Discovery Quest Ends in Disappointment, Death

Photographer Threaded the Eye of the Ice Needle For this shot of Scott's Terra Nova...The Captain Was Not As Fortunate

Robert Falcon Scott

On This Date in History:  Robert Falcon Scott was a British Explorer who was bound and determined to be the first person to reach the South Pole.  He set off in 1901 for Antarctica in the Discovery.   It was an appropriately named ship for Scott and his team wandered about for 3 years and made a survey of Victoria Land on the frozen continent’s Ross Sea and discovered the Edward VII peninsula.  Even though Victoria or Edward VII weren’t with them, I suppose it was deemed as good protocal to name discoveries for royalty.  This was just an exploratory mission to set up the ultimate move to the South Pole because they only made a few brief forays onto the continent itself before ending the 3 year journey.  He returned and wrote a book about the Discovery Expedition

Scott Made his Final Voyage in the Terra Nova...Not Much of an Ice-Breaker

Now, there were other explorers who had their hearts set on reaching the South Pole first.  One was Norwegian Roald Amundsen.  Competition between explorers of the final global frontiers was fierce and an undeclared war between the two men began in 1911.  Both knew of the other’s ambition and both suspected that history remembers the winners and not who comes in second.

Scott Prefered men to dogs

In this case, both 1st and second gained everlasting fame.  In honor of the pair, the weather station at the South Pole is named the Amundsen-Scott South Pole Station, where you can get current weather conditions.  But, only one man won the race.   Both men set sail for Anarctica but, Amundsen went to the Bay of Whales and set up a base camp 60 miles closer to the South Pole than Scott.  That was the first of his many good fortunes.  Both expeditions took off from their base camps in October 1912.  Amundsen had sleigh dogs while Scott took motor sledges and Siberian ponies as well as dog teams.  Apparently, Scott had the mindset of the time. 

Amundsen's Dogs Carried Him to The Bottom First

Remember, the Titanic was nearing her maiden voyage and many had thought that technology was the answer to all nature had to offer.  Scott largely disregarded the proven use of dog teams in harsh conditions. Scott wrote, “In my mind no journey ever made with dogs can approach the height of that fine conception which is realised when a party of men go forth to face hardships, dangers, and difficulties with their own unaided efforts, and by days and weeks of hard physical labour succeed insolving some problem of the great unknown.  Surely in this case the conquest is more nobly and splendidly won.”   It was definitely a race for the dogs because, not only was Amundsen’s route favored by geographic location, but also by the Antarctic weather.  It was summer time in Antarctica but the weather can still be brutal but Amundsen’s meteorological conditions were actually not too bad by Antarctic standards.   The Norwegians reached the South Pole on December 14, 1911 and favorable weather conditions allowed them to return to their base by January 1912.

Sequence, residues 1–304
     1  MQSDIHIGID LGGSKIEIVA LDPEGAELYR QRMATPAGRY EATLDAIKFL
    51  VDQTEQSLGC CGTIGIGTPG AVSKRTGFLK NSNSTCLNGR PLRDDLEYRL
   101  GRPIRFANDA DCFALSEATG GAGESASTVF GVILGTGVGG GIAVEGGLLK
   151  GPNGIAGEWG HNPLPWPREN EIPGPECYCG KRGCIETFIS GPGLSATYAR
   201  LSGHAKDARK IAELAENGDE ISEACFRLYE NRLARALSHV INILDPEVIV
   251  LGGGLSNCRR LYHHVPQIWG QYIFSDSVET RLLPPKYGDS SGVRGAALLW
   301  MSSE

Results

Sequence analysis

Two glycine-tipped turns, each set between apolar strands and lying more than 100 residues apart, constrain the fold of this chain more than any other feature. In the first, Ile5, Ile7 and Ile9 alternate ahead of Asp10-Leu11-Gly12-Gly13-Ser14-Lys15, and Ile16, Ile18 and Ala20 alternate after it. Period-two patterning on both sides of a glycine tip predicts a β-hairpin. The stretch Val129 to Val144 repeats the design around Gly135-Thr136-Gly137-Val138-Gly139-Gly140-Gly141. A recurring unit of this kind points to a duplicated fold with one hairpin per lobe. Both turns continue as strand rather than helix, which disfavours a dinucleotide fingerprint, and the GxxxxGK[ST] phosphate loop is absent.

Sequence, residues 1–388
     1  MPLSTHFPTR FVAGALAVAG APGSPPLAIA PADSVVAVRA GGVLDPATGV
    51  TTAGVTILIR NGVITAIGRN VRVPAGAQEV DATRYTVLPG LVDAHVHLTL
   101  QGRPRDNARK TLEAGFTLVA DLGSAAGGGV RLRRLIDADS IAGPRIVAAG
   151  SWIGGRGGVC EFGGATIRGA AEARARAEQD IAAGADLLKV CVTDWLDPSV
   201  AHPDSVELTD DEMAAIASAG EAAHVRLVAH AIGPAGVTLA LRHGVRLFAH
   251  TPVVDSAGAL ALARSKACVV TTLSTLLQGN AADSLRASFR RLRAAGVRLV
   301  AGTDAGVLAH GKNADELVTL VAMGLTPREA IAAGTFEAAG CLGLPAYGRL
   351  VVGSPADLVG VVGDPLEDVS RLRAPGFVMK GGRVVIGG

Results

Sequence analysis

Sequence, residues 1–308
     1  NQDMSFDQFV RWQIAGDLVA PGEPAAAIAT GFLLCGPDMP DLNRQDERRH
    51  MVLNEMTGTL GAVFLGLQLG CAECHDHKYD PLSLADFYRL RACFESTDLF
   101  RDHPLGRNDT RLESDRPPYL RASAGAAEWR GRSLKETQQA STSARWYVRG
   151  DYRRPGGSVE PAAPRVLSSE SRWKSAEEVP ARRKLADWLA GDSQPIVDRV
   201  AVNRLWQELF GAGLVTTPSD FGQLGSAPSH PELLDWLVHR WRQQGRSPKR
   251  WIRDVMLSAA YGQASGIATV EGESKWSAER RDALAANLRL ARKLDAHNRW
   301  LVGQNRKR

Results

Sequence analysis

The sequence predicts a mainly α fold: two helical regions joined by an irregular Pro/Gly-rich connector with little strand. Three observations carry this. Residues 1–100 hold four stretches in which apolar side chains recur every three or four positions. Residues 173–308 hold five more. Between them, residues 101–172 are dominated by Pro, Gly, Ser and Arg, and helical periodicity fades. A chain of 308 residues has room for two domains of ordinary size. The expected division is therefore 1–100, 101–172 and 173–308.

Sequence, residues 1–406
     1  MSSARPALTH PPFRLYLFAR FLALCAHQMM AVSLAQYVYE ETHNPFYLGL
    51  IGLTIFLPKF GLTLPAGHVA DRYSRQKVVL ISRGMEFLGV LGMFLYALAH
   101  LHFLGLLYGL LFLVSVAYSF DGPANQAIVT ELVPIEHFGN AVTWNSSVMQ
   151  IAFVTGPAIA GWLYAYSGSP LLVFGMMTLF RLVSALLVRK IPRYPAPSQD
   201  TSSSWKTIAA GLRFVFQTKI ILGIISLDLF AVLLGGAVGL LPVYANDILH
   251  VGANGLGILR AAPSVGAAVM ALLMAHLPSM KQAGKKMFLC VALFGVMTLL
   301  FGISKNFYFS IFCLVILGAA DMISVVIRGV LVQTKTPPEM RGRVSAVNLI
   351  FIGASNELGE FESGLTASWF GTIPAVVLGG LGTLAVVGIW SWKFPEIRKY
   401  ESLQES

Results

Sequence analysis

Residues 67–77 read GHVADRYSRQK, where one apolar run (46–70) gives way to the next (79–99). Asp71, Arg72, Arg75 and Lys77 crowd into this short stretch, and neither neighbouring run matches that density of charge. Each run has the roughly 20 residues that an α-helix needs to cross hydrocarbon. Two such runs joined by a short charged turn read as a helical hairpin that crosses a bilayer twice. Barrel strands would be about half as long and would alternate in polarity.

The Last 5- From left to right: Dr E. A. Wilson, Lt. H. R, Bowers, Capt. Robert Falcon Scott, Petty Officer Taff Evans and Capt. L. E.G. Oates.

Scott was on the move all that time and had no idea of his rivals movement.  So, he pushed on thinking that he still had a shot to reaching the bottom of the world first.  Perhaps Scott depended too heavily on technology because the motorized sleds broke down.  Then the ponies had to be shot and he decided it was best to send the dog teams back, leaving he and four companions to press forward on foot.   Robert Falcon Scott must have been pretty upset on January 18, 1912 when, after over 100 days of great travail, he reached the South Pole and found that Amundsen had already been there.  What a bummer.  But, his coming in second place was the least of his worries.    See, the weather wasn’t too kind and these guys had to find their way back on foot.  Two of the men died along the way, but Scott and the other two continued on.  They made it to about 11 miles from the basecamp when the weather was so bad that they had to wait it out in their tent.    They waited forever. 

Royal Norwegian Navy Frigate Roald Amundsen (F310)

When the frozen bodies of the three men were found on November 12, 1912, a final entry was found in Scott’s diary dated March 29, 1912,  about a month before the Titanic sunk.  The men were found inside the tent Scott wedged between his two partners, Lt. Henry Bowers and Dr. Edward Wilson.  They were in their sleeping bags covered them as if they were asleep but, curiously, the flaps of Scotts bag was thrown open.  Maybe he got too hot.  Amundsen though also tempted fate and technology.  In 1928, the great Norwegian explorer was claimed by the top of the world when the plane in which he was flying on a rescue mission plunged into the icy Arctic Ocean.  Now, explorers using a submarine are searching for Amundsen’s plane in the icy depths of his grave.

Francene Was Loved and Will Be Missed

Weather Bottom Line:  I will be an usher at the service for Francene Cucinello, who passed away last week.  Sunday’s rain should be gone and that should be the only good thing for the day.  She was very well liked professionally and more importantly, personally.  She will be missed.  Francene was too young to be taken from this world but she touched the lives of many while she was here.  The rest of the week’s weather will feature rain as a front gets hung up. Probably not consistent rain, but shower activity from time to time with cool, but slightly warmer than average tempertures.


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